He aha te mea nui o te ao / What is the most important thing in the world?

The start of 2023 has been a testing one, with the Auckland Anniversary floods and Cyclone Gabrielle giving us a stark reminder of the sheer force of nature and the unpredictable impacts of climate change.

The visible impacts on our homes, communities and businesses, coupled with the knowledge that these kinds of events will only become more frequent and extreme, has been sobering.

It has also stimulated important debate about our collective climate response.

Much of the kōrero has centred on the resilience of our built infrastructure to cope with these kinds of events and the relative focus we should be placing on adaptation versus mitigation.

I firmly believe it is not a ‘more of one, less of the other’ situation. We need to do both equally. We must continue efforts to reduce emissions whilst we adapt, otherwise climate-related weather events will continue to get worse, impacts on our whānau will escalate and the investment required for repairs and rebuilds will keep ratcheting up.

For me, there is a much deeper question that needs addressing: What does it mean to be truly resilient to the broad range of climate impacts that we are likely to see?

Kia manawaroa / Building resilience

We know the impacts of climate change are here. We know we need to change how, what and where we build to minimise the disruption (and costs) associated with these impacts.

More extreme floods and cyclones are not the only physical climate impacts we face. We are also going to have to deal with coastal inundation from sea level rise, more droughts and forest fires and extreme heat.

Globally, our changing climate conditions are likely to lead to a wide range of social and economic impacts, from food scarcity to new health challenges, increased hardship, industrial obsolescence and climate-induced migration. While New Zealand might be less susceptible to some of these impacts than others, we know that building resilience is crucial to our future.

At Kāinga Ora, we’re making changes to the way we operate to ensure our homes are more resilient to the physical impacts of climate change. We're looking at how increasing ngahere/tree cover can help reduce heat impacts in our neighbourhoods, and have constructed our first Passive House development to help address both under and over-heating, and used low carbon concrete to minimise greenhouse gas emissions/our climate impact.

In major development areas such as Roskill, we’re capitalising on nature-based solutions to increase an area’s ‘sponginess’. A great example is the newly completed Freeland Reserve, which now provides stormwater treatment and mitigation for about two-thirds of the entire Roskill South neighbourhood, doing its job beautifully during the Auckland floods to hold back an extraordinary amount of stormwater that would otherwise have drowned backyards and homes.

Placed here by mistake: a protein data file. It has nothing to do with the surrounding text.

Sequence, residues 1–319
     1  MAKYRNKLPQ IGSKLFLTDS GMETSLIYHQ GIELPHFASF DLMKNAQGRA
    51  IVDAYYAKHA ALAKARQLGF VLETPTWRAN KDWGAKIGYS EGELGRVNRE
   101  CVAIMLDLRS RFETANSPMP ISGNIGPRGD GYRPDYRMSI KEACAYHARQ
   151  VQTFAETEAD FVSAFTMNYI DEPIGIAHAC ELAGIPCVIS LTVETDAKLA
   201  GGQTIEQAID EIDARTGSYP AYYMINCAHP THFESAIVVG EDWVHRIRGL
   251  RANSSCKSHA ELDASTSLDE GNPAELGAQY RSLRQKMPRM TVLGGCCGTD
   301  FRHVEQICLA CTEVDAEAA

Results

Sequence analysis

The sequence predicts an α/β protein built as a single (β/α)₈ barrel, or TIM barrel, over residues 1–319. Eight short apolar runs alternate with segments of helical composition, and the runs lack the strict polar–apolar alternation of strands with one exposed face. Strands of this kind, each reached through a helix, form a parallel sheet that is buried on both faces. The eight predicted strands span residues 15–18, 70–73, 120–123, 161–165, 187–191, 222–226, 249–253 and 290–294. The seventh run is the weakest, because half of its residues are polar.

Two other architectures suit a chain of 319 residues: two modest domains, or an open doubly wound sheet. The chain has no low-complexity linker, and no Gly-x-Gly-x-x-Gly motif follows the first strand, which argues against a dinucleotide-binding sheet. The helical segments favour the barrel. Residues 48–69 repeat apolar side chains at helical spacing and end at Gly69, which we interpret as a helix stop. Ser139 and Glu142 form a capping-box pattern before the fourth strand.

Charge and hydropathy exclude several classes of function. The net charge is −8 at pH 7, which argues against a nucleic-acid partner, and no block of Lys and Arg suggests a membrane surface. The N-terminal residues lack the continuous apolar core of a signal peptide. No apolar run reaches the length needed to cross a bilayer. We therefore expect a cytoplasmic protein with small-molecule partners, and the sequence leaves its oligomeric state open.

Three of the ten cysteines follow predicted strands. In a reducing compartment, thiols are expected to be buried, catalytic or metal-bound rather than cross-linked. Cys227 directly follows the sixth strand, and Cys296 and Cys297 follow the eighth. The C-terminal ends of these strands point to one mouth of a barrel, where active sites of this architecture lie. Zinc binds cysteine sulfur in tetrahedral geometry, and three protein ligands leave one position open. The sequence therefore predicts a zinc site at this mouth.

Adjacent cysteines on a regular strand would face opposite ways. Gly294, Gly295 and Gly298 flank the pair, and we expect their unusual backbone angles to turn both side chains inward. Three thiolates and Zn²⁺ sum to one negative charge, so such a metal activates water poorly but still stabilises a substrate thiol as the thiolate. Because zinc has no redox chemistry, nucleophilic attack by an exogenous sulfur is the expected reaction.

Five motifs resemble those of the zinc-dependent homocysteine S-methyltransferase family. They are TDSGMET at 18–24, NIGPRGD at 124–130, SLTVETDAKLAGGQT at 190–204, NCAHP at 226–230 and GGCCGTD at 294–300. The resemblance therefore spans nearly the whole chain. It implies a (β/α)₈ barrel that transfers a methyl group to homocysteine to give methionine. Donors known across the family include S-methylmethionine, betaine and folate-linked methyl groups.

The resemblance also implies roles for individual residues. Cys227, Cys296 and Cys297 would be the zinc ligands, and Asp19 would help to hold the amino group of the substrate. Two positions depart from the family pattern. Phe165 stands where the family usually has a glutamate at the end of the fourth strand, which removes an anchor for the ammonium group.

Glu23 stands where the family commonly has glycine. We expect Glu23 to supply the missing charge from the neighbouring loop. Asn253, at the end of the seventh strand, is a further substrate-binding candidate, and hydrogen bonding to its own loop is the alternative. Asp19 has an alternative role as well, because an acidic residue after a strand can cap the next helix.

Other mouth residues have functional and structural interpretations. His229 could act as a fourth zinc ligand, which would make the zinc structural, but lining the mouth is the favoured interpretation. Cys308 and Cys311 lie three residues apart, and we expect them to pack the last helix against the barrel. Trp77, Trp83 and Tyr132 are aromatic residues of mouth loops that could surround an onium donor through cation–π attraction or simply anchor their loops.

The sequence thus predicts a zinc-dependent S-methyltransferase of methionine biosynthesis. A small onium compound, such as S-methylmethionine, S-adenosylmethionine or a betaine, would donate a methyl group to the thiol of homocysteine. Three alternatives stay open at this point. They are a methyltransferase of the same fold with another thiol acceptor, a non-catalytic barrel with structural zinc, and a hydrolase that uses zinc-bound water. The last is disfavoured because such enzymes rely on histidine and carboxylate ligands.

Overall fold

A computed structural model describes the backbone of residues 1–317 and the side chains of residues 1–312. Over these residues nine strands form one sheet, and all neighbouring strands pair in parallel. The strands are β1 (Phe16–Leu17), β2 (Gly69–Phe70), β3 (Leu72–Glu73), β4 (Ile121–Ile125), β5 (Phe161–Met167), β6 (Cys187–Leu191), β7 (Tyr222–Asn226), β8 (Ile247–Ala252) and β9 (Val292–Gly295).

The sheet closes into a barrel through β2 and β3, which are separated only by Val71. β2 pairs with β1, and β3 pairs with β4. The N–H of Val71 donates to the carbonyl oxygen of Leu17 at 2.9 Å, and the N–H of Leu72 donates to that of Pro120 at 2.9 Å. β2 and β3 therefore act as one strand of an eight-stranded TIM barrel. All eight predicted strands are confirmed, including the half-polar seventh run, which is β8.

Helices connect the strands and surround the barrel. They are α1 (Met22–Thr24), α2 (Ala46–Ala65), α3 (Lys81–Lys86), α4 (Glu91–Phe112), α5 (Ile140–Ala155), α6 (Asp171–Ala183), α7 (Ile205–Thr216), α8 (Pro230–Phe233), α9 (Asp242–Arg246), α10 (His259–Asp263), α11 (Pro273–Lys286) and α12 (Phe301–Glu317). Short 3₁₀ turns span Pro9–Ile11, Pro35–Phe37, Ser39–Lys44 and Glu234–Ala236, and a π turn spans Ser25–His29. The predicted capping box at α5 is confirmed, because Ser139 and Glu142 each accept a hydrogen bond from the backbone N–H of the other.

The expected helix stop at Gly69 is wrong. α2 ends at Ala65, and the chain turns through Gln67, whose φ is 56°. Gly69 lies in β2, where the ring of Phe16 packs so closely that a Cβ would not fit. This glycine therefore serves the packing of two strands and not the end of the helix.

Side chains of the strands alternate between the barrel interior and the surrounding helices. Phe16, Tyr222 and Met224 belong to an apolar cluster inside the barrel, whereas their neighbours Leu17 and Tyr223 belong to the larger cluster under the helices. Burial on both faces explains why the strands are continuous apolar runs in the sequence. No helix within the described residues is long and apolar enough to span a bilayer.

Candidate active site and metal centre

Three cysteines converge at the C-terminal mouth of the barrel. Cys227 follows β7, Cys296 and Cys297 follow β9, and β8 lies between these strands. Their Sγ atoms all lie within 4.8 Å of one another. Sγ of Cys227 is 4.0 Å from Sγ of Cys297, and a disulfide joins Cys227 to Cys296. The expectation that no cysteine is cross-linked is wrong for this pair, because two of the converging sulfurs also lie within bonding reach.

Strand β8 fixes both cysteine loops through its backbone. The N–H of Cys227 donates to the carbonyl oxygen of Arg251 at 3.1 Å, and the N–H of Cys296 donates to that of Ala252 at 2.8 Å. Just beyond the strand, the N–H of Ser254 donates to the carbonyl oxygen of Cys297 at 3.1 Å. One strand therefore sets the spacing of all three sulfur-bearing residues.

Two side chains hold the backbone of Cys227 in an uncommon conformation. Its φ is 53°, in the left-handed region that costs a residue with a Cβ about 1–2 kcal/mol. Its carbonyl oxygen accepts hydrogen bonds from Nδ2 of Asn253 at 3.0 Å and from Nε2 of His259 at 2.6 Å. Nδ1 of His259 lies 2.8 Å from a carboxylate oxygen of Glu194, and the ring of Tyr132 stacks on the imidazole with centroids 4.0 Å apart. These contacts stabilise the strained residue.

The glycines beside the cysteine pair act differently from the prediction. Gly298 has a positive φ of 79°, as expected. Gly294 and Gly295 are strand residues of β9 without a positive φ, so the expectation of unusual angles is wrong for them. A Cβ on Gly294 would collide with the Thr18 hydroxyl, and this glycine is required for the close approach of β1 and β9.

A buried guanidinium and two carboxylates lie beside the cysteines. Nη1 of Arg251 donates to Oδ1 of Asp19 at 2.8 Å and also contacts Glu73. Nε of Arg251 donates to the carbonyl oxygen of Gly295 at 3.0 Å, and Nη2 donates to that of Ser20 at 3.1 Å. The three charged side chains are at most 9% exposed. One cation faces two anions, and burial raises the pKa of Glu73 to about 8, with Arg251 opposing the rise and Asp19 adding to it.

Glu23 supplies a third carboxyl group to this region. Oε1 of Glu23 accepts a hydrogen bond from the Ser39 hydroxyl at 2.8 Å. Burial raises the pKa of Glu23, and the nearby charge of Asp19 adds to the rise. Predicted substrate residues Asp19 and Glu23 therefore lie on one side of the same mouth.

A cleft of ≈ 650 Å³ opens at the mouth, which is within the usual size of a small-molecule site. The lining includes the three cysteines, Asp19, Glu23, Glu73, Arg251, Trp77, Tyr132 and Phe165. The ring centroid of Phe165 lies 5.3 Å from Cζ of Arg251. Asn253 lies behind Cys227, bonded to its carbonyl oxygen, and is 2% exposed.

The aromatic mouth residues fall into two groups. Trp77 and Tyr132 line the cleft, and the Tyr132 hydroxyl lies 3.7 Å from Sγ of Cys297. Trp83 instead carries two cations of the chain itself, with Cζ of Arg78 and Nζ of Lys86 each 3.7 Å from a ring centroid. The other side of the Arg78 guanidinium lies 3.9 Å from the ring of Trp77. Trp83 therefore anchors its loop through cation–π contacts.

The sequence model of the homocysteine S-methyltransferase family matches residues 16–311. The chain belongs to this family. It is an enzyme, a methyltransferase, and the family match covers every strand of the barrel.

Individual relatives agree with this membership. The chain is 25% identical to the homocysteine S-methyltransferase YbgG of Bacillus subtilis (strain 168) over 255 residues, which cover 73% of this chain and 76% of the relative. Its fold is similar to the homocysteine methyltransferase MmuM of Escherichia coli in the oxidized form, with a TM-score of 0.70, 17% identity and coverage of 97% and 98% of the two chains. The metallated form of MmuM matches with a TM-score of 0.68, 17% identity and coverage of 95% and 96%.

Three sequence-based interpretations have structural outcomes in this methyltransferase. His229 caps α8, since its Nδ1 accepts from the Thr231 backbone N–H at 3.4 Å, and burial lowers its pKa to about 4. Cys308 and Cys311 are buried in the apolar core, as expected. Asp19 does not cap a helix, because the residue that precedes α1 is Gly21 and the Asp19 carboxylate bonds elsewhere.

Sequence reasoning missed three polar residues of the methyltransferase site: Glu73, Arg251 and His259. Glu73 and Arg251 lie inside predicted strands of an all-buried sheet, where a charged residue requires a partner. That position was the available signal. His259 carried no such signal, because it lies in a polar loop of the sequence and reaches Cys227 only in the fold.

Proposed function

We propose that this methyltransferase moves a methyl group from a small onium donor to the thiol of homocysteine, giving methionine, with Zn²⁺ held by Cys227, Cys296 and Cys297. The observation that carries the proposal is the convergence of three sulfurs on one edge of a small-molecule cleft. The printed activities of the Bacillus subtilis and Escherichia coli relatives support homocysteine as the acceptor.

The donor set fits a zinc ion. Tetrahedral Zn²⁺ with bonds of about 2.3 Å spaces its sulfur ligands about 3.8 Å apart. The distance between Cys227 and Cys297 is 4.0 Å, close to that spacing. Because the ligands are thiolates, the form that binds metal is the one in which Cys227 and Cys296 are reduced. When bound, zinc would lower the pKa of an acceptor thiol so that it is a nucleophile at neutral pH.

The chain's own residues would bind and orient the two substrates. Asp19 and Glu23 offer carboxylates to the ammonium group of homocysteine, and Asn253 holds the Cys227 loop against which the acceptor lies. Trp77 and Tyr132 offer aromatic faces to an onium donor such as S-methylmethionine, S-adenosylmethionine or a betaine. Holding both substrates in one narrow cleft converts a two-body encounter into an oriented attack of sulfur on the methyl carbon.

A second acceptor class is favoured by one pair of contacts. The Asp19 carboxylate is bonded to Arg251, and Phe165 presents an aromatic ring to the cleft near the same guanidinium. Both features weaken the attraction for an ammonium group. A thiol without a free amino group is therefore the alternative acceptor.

This is necessary, important work but there is a cost involved in making our homes and infrastructure more resilient and it is unlikely that we can engineer or build our way out of all risk.

There will continue to be instances of extreme weather that exceed our design expectations, especially if we fail to curb the worst impacts of climate change through significant reduction of our greenhouse gas emissions.

So, to be truly resilient to the broad range of climate impacts that we are likely to see, it is critical that our resilience-building efforts are not limited to our built form and to physical interventions.

We must also invest in the one piece of infrastructure that is always called upon to respond, regardless of the type and nature of event – our social and community fabric.

He aha te mea nui o te ao? He tāngata, he tāngata, he tāngata / What is the most important thing in the world? It is the people.

We saw the strength of communities that are inclusive and cohesive during and after the Auckland floods and Cyclone Gabrielle. But creating cohesion and community resilience requires investment and outreach.

For a social housing provider like Kāinga Ora it means investing in local events, and creating places and spaces—such as community rooms, shared green spaces and community gardens—that connect our increasingly diverse communities. It means outreach across a range of different formats and forums that seek to understand and respond to this diversity; drawing people together rather than pushing them apart.

At a time where we are increasingly focused on physical and tangible outputs, we need to remember the importance of intangible outcomes. Stronger, thriving communities that work for and with each other can be more resilient to challenges of food scarcity, new health challenges, industry change and climate-induced migration.

True resilience to the broad range of climate impacts that we are likely to see, will take a multi-faceted and collective response.

For an agency like Kāinga Ora that has multiple roles and responsibilities in terms of providing safe, quality, resilient homes for whānau, it means we need to deliver on a trifecta of actions.

We need to reduce our emissions to help minimise the scale of scale of climate impacts. We need physical interventions to improve how, what and where we build. And we need to invest in social and community resilience, to support each other through crisis response and to navigate the longer terms shifts and transitions that will be driven by climate change.

We all have a role to play in building climate resilience. What we need to work out now is how we can collaborate and work together to build a more resilient New Zealand where no one is left behind.

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